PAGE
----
Lynn (2006) emphasized these points with regard to NPM and its relevance to prisoner reentry programs cannot be overstated. At the core of the reentry problem, reentry programs are involed with a persistent dilemma occurring in our revolving door criminal justice system: “How can we make sure our returning inmates can effectively reconnect back to society?” This research will evaluate the utility and usage of client-oriented services (COS) in five faith-based prisoner reentry programs. Qualitative interviews were conducted with the five reentry program participants to determine if NPM/COS could be successfully applied to faith-based reentry programs. DONE Client-Oriented Services

In 1992, Osborne and Gaebler’s published Reinventing Government, which jump-started the public sector’s Client-Oriented Services movement with the mission to improve upon government’s delivery of services. In healthcare research this type of service delivery model has been proven useful. When analyzing the quality of nursing care, for example, the variable of client satisfaction serves as a successful outcome indicator using Likert surveys and questionnaires (Lawrence and Laferriere, 1993). As healthcare costs have increased so has competition for consumer needs and concerns (Lawrence and Laferriere, 1993). DONE Surveys in healthcare allow the measurement of the appropriateness and quality of services by identifying client concerns and integrating them into quality assurance activities (McNeese, 1988). Prisoner reentry programs could use similar research to develop indicators and measures which analyze client satisfaction. Once these programs accomplish this goal, advocates of COS assert that agencies tasked with delivering programs that reduce recidivism will in effect be delivering better services. DONE Prisoner Reentry Policy Issues: A Grave Concern

Exiting prison or jail after spending several years inside and returning to society creates no shortage of policy issues for former inmates. Three of the most important policy issues are: Families & children, Post-release employment and housing after release. These three policy issues are most salient when examining the effectiveness and necessity of prisoner reentry programs. Considering the tremendous monetary expense our nation expends upon the criminal justice correctional system, an analysis and examination of faith-based reentry programs is a prerogative of any diligent and ethical researcher. DONE Policy Issue #1: Family Life 2.0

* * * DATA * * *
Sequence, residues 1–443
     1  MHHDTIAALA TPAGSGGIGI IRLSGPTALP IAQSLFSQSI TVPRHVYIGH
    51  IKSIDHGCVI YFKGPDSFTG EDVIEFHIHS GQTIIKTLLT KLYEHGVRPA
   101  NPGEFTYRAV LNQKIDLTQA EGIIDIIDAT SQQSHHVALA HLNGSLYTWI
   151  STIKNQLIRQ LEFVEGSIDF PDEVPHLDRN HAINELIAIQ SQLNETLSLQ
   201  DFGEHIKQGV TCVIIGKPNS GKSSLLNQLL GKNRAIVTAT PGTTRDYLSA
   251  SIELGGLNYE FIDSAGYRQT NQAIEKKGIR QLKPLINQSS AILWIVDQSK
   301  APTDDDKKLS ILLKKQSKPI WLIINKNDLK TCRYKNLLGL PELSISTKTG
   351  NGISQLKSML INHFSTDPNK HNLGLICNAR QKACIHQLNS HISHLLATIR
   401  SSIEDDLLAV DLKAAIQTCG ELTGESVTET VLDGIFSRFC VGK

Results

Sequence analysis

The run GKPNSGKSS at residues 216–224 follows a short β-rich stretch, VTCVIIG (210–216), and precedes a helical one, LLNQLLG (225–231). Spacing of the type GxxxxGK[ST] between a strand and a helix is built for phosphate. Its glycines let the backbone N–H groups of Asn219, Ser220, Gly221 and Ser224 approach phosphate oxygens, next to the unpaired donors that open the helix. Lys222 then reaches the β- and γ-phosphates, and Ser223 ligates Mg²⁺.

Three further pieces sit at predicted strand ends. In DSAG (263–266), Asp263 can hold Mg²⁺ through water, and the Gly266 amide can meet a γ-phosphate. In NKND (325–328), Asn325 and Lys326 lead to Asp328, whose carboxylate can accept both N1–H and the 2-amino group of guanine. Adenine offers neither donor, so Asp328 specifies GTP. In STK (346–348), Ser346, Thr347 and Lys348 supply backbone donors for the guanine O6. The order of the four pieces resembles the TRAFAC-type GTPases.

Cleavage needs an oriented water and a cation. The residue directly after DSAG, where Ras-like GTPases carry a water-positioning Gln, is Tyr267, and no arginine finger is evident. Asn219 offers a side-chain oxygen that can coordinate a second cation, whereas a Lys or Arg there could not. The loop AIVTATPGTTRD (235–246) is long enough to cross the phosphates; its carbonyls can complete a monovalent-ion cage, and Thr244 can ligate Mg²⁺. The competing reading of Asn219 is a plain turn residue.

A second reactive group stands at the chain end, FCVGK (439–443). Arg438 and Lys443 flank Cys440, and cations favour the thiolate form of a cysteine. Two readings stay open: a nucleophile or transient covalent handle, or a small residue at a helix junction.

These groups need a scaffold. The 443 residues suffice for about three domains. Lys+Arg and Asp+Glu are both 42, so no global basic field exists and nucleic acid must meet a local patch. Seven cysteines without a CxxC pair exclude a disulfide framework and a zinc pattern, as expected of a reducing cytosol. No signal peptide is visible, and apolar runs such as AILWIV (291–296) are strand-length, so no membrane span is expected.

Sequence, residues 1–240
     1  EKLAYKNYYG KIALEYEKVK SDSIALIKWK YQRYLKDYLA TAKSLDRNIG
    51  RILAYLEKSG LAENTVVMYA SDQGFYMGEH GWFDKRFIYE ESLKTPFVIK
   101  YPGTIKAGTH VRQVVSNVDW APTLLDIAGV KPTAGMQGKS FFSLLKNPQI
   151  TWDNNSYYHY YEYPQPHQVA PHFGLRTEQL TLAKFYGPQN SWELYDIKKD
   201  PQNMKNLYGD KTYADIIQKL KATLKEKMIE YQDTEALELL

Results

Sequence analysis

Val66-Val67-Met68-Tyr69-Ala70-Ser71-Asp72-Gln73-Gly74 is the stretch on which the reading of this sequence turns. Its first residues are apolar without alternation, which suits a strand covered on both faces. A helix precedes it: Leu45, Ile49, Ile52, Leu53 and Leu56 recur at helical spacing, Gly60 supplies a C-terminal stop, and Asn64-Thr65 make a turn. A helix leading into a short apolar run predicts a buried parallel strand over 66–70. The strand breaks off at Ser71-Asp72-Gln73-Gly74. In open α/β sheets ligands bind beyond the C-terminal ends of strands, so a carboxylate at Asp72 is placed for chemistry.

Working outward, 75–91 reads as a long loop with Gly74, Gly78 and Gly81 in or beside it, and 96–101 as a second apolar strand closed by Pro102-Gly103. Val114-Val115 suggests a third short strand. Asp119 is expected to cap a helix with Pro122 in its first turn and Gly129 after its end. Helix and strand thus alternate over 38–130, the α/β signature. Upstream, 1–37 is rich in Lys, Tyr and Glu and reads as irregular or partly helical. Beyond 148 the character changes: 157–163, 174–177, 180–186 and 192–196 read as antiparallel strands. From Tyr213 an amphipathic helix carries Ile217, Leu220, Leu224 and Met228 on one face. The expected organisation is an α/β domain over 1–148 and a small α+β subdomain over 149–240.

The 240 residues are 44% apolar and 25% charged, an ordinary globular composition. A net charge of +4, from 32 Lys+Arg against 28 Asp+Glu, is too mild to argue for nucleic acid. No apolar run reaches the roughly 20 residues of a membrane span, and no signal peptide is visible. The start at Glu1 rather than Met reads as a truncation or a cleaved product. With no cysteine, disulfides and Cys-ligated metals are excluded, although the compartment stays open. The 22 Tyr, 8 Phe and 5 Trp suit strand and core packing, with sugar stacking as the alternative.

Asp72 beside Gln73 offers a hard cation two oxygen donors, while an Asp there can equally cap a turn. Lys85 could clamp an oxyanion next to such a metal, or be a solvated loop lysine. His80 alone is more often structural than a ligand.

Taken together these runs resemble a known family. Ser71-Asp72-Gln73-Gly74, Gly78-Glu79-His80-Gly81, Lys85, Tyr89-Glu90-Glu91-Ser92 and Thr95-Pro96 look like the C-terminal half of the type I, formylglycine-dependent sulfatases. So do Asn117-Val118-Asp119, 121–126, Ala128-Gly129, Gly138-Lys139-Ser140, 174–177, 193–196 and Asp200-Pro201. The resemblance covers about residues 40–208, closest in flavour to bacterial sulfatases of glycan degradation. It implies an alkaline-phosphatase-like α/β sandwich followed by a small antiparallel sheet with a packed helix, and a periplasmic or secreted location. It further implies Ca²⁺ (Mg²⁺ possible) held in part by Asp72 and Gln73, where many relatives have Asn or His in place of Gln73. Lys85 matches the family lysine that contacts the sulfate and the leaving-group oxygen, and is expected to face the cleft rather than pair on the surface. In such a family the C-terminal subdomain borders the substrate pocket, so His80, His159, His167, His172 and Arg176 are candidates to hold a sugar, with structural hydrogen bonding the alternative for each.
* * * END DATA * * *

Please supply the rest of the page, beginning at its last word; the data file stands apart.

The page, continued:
Complications immediately arise before release because in many states, ex-offenders are warned to not associate or contact anyone as a previous known criminal associate or anyone who has had a prior criminal record (Rhine, Smith and Jackson, 1991). Regretfully, this warning often encompasses families and friends, both limiting their assistance for the ex-con to make a smooth transition and coercing the returning inmate to make tough decisions on how to adjust back to society on their own. DONE Family members who allow a returning inmate to settle into their home can generate anxiety and fear inside the home (Ripley, 2002). Usually, returning inmates will scan for alternatives such as homeless shelters, halfway houses and other community/quasi-government housing (Metraux and Culhane, 2004). Finally, if unable to find adequate housing to meet their needs, they sleep on the streets, exacerbating a chronic homeless problem affecting numerous urban environmets currently (Mumola, 2002). DONE Reconnecting with their families and especially with their children is an extremely stressful initiative for most returning inmates (Johnston 1991, 1993).